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What we gain (and lose) from remote working

18 August 2020: Andrew Sandiford, managing partner at Bishop Fleming, says the firm has learned the benefits of remote working, but also its limits.

Despite the disruption caused by the coronavirus lockdown, Andrew Sandiford, managing partner at Bishop Fleming, insists it's been a valuable learning experience in new working practices, particularly around remote working and communication. 

"Lockdown has accelerated the path the firm was on before. It hasn't taken us in a direction we weren't already heading in, we've just ended up in an extreme situation," he explains. 

There had already been conversations within the firm around flexible and remote working, but no concrete plans or policies had been made. That all changed following lockdown. Sandiford describes it as an interesting illustration of how circumstances force change. 

Expecting staff to work nine-to-five during lockdown when they had family or other responsibilities became quickly anachronistic. The firm switched its focus from input to output: as long as work was getting done and client expectations were met, it mattered less when or where staff worked.

Technology, whether cloud-based, knowledge hubs or webinars, has enabled Bishop Fleming to adapt to the changes brought about by the pandemic. The firm makes regular use of Microsoft Teams and other video conferencing platforms to keep in touch with staff. Management uses frequent weekly internal communications and blogs, and Sandiford now arranges weekly online catchups with other partners in place of visiting offices in person. 

On the client side, the firm now runs regular webinars for clients in lieu of physical events. They've put a lot of work into two dedicated COVID-19 knowledge hubs, with some online webpages ranking higher in Google search than the Government's pages on similar topics.

But it's not all been plain sailing. Video conferencing, in particular, has been a real learning curve. "It was a case of necessity forces innovation," Sandiford admits. "We hadn't universally accepted video conferencing previously. At the start of lockdown, we were spending ten minutes at the beginning of every meeting trying to get the technology to work. Now every meeting starts bang on time and everything works."

Despite video conferencing becoming second nature and the firm arranging 'flurries' of social evenings on Zoom, another issue quickly emerged: e-meeting-fatigue. Employees were becoming fed up and exhausted with online meetups, even if they weren’t always work-related. It became apparent that while technology was useful in enabling remote working, it would never be a good substitute for face-to-face communication. 

"We've learnt a lot about the value of human interaction," says Sandiford. "We undervalued it previously – we took it for granted. Ours is a people business; people need contact and they need interaction. All those great client ideas come from people in the office. Coaching opportunities come from looking over shoulders and asking questions. Remote working inevitably means spontaneity gets lost."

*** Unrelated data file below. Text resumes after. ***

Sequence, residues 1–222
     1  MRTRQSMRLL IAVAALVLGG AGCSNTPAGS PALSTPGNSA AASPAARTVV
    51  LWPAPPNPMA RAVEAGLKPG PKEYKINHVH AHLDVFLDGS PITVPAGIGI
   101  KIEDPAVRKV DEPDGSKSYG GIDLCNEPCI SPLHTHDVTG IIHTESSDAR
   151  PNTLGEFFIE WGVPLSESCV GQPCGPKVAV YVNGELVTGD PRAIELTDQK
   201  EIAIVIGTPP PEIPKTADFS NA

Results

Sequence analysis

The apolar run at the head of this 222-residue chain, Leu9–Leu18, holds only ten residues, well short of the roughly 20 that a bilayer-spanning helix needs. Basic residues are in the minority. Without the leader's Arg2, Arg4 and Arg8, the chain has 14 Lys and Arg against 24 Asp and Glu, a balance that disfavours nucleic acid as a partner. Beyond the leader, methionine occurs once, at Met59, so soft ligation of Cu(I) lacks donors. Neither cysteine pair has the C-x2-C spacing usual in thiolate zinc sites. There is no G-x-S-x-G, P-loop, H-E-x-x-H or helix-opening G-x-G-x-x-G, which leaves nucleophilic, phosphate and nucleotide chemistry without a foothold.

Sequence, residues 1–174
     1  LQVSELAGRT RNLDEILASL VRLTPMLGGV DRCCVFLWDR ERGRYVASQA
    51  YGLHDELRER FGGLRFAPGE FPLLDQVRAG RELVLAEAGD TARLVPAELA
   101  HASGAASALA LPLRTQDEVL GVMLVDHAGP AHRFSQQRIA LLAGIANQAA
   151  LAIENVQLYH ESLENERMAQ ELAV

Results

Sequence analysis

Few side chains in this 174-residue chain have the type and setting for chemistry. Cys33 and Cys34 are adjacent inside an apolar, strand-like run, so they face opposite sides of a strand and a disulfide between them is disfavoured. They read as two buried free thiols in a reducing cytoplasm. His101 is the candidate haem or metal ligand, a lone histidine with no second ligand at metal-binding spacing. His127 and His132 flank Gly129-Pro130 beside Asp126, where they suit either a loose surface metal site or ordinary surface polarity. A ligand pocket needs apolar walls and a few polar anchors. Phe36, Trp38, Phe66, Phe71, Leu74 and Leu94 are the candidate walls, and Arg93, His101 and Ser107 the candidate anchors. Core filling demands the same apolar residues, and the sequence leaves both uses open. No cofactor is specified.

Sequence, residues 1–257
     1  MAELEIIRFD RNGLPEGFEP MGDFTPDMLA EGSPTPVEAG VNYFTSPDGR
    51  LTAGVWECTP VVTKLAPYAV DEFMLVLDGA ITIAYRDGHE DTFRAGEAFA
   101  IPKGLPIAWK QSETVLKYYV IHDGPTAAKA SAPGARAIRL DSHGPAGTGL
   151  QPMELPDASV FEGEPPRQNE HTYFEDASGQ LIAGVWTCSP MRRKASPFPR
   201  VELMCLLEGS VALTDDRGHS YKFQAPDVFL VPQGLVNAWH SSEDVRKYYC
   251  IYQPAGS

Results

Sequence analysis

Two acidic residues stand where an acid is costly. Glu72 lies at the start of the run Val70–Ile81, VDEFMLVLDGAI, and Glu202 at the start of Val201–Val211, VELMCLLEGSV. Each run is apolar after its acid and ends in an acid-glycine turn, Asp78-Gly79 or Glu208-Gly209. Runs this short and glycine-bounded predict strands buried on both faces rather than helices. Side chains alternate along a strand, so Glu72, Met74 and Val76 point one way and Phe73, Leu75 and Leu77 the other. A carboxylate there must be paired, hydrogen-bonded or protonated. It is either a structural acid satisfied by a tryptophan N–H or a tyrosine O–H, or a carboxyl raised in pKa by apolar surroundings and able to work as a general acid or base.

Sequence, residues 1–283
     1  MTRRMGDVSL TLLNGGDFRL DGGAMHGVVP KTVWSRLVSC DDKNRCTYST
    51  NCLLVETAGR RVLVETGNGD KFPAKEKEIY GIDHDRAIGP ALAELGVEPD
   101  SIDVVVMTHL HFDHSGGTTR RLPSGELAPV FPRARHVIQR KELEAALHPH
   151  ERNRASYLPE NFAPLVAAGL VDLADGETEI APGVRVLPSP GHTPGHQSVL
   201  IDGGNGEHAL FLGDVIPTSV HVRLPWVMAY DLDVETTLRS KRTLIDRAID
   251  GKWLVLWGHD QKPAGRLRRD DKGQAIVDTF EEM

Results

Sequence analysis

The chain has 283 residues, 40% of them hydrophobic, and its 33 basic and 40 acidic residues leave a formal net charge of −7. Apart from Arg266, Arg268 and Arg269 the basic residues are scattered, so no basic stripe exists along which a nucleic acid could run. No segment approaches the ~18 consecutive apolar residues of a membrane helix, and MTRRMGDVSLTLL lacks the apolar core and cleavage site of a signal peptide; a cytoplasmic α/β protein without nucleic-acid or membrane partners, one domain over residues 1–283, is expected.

Sandiford believes the firm's COVID experience shows that total remote working, while necessary in an emergency, is not sustainable in the long term. While in some ways, team working and collaboration has never worked better across Bishop Fleming's seven offices, in other ways, it's also become, as Sandiford describes, 'adversely impacted'. Unless there's a real opportunity to talk to someone, it just doesn't happen. Casual chats over a coffee or at the water cooler have become a thing of the past, but it's something the firm is keen to bring back as they encourage staff to return to the office, where possible.

"We've learned what we're missing from an internal perspective. Team chats aren't quite the same if you do them online; they're just not spontaneous."

Many of the emergency measures they put in place are likely to remain, to some extent. But as Sandiford points out, it's about finding the right 'blend' to gain maximum efficiency and using remote working where it's appropriate to do so.

"I don't think going back to the old ways of doing things is the answer, but neither is working entirely remotely," he says. "There's no point driving 150 miles to sit in a client's office when you can carry out the work at home. Equally, it's just as inefficient to deal with email queries from a financial director five times a day when you can run through everything with them in person."

Even so, the traditional nine-to-five working hours is now gone forever. Instead, the flexibility to work remotely is something that will stay. But Sandiford insists that the notion of entire remote working is a terrible idea because human interaction is so crucial to the business. "We need to retain flexibility but understand the value of being in the office. Humans thrive on social interaction and that's what we've been lacking."

Lockdown, says Sandiford, has demonstrated the 'extreme' and the extreme he insists, isn't healthy. "I have a wry smile when people claim to have the answer and can find the right balance. I don't think we have the answers yet. But I do think it's been an interesting experiment and when things settle down, we'll have compressed five to ten years of learning into five to ten months."